All fields are required.
Today's tip is about how facility managers can use data to make decisions. Facility managers are probably well familiar with the idea that "you can’t manage what you can’t measure." That may be true, but to truly manage, that maxim should be expanded upon a bit. Really, "you can’t manage what you can’t measure, analyze and make decisions as a result of."
Some facility managers think simply collecting data is enough. They think, "Well, now that I’m measuring this, if a problem ever arises, now I’ll have the data to investigate." That’s too passive, most experts would say. Only collect data if you can be sure you have a way to analyze it with a specific goal in mind - reducing energy use or lowering your space-per-occupant standard, for instance.
Let's take a look at an example: Rob Pearlman, who is the senior facilities and administration officer at International Finance Corporation, a Washington D.C., based member of the World Bank Group, has been running an experiment at the company’s 1.2 million square foot headquarters. He uses his building automation system to tweak setpoints in particular areas of the building, and then tracks complaint calls into his facilities help desk to determine if the new setpoint is to hot or too cold for the occupants. If complaint calls don’t fall outside of an already-carefully-monitored threshold, Pearlman leaves the setpoint and then begins tracking how much energy the new setpoint saves. It's a brilliant strategy to squeeze every last ounce of energy out of a building that is already at a 94 Energy Star rating.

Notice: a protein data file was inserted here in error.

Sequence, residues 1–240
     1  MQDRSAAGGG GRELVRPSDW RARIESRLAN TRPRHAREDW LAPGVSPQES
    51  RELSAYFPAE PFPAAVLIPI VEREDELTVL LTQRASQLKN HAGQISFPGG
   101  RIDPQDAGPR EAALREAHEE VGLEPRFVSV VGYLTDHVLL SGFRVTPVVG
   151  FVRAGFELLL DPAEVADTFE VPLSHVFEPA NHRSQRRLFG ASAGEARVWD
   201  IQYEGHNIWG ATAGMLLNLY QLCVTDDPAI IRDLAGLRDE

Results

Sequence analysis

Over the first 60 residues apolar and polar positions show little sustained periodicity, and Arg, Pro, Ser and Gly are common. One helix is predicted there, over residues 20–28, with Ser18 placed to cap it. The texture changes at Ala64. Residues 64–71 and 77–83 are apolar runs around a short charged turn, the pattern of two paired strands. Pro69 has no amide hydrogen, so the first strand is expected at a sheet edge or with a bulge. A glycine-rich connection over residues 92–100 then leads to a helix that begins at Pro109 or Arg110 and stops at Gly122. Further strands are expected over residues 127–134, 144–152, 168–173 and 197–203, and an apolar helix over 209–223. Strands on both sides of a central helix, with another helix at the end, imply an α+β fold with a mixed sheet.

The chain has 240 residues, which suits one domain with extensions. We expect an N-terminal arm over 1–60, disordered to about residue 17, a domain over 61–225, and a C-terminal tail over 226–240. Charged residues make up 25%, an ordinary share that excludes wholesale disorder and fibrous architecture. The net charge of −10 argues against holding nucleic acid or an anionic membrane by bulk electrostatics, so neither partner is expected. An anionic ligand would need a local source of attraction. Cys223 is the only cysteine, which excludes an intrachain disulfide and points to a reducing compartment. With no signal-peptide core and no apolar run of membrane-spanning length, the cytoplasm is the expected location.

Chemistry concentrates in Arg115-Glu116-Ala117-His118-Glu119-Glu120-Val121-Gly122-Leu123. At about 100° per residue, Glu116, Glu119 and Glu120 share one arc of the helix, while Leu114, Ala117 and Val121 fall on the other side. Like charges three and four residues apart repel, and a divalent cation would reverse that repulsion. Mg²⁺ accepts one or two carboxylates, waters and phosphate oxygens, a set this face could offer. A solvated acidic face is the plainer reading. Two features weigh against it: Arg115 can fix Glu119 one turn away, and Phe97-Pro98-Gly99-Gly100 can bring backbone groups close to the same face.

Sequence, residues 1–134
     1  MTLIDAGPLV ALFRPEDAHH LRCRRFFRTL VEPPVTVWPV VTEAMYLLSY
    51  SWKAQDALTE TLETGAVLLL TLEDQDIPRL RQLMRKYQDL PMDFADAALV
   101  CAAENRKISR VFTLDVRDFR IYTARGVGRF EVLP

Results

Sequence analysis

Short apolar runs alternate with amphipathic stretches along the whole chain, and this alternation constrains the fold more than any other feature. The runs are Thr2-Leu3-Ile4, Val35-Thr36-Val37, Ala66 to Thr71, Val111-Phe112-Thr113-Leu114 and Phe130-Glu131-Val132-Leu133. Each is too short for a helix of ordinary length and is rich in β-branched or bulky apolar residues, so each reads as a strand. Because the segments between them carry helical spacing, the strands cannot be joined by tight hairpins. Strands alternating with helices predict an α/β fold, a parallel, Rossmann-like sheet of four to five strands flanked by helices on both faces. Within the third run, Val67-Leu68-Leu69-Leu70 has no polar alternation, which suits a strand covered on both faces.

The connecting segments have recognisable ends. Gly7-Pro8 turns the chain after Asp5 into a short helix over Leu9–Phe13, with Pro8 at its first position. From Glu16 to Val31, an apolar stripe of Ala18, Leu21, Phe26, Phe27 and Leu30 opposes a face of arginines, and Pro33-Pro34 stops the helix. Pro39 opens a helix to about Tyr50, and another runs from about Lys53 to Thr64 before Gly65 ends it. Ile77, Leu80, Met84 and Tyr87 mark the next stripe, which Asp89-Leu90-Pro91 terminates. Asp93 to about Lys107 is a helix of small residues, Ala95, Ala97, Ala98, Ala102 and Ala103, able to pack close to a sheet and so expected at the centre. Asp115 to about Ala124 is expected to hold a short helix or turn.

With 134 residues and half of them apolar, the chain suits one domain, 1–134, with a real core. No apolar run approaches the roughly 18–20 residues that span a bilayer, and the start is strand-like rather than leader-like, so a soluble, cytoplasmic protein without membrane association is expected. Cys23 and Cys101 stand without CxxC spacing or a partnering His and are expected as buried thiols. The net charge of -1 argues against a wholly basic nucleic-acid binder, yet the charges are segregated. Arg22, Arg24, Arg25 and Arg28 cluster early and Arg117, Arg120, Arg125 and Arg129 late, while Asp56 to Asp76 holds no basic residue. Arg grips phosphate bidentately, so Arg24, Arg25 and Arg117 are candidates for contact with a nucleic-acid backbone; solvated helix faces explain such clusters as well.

Health care facility managers may be familiar with this concept, which they call evidence-based design or evidence-based management. It's a concept that facility managers would do well to become familiar with and implement in their own organizations.